Danspace Project, NYC
March 27–29, 2008
Reviewed by Eva Yaa Asantewaa
A title like Not About Iraq is a little suspect. If it’s not about Iraq, why isn’t it? If it’s about not being about Iraq, what good is it? But if it’s actually all about itself, who cares?
Victoria Marks’ piece, her first showing at Danspace Project after a 10-year absence, awkwardly references itself—and dance in general—to a distracting degree. The title deliberately resonates with Neil Greenberg’s Not-About-AIDS-Dance of the 1980s, a piece that located dancemaking in the context of plague and loss. Not deliberately, it calls to my mind Daniel Linehan’s equally self-conscious whirling-while-talking dance, Not About Everything.
Marks inserts herself as commentator—a precious, self-conscious device offering little illumination. Is her movement “beautiful,” as she questions, or “sexy,” as she declares? Five years into the disastrous Bush adventure, when American moviegoers are mostly avoiding films about the Iraq war, it’s dismaying to see a choreographer merely toy with what it means to make art in the midst of moral catastrophe.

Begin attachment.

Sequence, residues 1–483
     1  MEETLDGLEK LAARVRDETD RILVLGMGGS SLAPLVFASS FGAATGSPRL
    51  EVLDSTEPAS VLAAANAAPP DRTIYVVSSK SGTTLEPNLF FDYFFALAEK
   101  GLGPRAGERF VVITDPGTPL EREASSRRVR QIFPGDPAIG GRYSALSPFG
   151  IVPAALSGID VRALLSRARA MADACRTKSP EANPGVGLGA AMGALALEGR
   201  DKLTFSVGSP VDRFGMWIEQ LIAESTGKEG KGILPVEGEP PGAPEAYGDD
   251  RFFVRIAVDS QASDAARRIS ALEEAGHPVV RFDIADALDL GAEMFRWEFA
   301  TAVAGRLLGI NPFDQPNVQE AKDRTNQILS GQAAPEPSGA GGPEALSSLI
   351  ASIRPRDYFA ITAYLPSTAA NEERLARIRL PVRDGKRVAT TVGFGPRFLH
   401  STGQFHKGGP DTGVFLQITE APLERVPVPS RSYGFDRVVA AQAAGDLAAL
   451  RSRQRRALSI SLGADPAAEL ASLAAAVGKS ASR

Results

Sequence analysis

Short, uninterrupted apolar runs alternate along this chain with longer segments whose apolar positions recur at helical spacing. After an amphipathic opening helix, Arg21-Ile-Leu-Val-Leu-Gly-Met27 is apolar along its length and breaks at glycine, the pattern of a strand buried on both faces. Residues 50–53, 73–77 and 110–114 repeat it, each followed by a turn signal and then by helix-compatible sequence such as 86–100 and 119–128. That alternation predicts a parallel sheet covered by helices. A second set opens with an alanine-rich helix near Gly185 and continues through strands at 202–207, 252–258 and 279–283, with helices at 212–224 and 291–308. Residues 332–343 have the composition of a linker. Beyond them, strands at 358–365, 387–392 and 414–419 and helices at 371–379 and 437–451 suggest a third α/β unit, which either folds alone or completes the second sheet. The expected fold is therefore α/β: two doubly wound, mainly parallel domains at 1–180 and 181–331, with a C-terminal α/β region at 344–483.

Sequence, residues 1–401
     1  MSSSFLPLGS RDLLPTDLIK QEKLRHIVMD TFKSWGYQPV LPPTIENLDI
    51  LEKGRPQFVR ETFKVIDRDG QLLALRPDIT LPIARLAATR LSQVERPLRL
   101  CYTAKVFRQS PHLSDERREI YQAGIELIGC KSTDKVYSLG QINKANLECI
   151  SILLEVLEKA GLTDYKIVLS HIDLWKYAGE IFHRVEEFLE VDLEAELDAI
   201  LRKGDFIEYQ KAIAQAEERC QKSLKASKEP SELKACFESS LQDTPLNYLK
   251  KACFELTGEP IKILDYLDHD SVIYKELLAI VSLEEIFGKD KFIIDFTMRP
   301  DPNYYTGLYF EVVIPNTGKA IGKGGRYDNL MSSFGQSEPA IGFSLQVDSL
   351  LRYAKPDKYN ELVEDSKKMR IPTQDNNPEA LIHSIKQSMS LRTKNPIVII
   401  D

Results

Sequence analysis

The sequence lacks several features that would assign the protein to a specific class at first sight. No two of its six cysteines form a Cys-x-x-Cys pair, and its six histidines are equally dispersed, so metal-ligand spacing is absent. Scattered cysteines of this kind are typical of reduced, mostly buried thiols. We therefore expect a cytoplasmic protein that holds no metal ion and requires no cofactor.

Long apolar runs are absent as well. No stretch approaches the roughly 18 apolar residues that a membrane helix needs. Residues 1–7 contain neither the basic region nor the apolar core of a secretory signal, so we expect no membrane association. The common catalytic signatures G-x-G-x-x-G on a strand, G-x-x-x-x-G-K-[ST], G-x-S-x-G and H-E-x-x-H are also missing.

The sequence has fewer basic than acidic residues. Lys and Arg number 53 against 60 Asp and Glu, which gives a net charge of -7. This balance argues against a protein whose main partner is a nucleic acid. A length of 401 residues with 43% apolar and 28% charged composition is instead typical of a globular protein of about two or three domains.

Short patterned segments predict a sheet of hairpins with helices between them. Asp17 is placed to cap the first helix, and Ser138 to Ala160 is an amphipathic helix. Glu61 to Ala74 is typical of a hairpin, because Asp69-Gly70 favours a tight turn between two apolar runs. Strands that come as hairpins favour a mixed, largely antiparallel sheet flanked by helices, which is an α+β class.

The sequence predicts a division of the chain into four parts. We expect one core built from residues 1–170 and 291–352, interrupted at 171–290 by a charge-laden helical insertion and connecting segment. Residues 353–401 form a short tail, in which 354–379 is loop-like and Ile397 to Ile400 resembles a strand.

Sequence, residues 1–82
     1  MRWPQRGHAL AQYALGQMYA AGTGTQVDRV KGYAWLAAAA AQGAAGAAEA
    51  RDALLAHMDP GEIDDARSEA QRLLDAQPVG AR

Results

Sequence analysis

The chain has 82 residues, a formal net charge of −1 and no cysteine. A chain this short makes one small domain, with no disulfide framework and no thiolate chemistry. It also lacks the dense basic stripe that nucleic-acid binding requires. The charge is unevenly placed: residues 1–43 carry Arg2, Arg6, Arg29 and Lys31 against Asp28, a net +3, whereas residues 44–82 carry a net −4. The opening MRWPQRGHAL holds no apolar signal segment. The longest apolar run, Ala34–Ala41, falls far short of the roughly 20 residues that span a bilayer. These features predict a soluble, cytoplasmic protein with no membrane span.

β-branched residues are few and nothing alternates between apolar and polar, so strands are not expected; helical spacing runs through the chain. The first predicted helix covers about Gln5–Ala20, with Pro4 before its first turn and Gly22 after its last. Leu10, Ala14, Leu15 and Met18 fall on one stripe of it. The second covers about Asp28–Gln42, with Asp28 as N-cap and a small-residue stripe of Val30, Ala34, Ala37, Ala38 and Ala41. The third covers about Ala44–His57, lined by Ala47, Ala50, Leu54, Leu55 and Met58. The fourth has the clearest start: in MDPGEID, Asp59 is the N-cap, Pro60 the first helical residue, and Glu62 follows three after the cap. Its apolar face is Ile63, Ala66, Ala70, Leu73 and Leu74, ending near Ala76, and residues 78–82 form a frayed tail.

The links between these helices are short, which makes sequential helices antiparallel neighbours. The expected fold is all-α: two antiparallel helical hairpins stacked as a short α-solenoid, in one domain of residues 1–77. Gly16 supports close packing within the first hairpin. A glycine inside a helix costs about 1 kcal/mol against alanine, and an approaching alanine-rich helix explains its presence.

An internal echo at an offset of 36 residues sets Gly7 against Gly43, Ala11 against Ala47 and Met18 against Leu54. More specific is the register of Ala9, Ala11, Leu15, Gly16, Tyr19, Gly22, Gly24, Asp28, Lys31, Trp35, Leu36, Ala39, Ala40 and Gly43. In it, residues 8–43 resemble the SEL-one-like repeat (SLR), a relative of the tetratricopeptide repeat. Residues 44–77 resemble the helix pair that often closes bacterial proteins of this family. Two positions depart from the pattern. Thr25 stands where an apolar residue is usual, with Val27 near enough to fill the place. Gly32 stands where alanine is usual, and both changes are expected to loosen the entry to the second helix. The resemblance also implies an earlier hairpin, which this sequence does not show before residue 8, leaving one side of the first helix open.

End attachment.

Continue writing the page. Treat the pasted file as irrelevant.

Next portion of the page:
When Marks sends out a perky, black-clad quintet of women to jazz up the space, perhaps she intends to satirize dance as entertainment. But who’s the target? For the most part, contemporary dance artists are making abstract dance, not jazz dance or anything like it. Moreover, they’re making art that, one way or another, is serious and progressive in intent even if not directly addressing societal or global concerns. Has she helped us understand the Iraq mess any better by having dancers hit the floor and crawl on their bellies?
In lead dancer Taisha Paggett, Not About Iraq at least has a solid core. Paggett—with her strong, lean frame in plain, no-nonsense slacks and a short-sleeved shirt—reminds me of no less a star than Bill T. Jones. Like Jones, her command of space is often quiet but always firm and dignified. She knows her own mind. She dances sometimes alone, sometimes with Marks nearby, and the church’s sanctuary—astringently bare, filled only with velvety silence or the recorded voices of children—never dwarves her. Her bare, blade-like arms radiate from her torso and, when she makes clean slashes with her limbs, she becomes the work’s entire focus, Marks’ entire project. It’s fruitless to look anywhere else.
In moments when Paggett melts into the chorus, dancing heartily to the throb and rush of Glenn Branca’s guitar work, we know she is, in spirit, woefully out of place. The surrounding women soon show that they are other than they seemed, with smiles draining away, postures crumpling, and hands deformed. This is, fair to say, not about Iraq but about, perhaps, how desire can turn to ash.
(Photo by Scott Groller, Courtesy Danspace)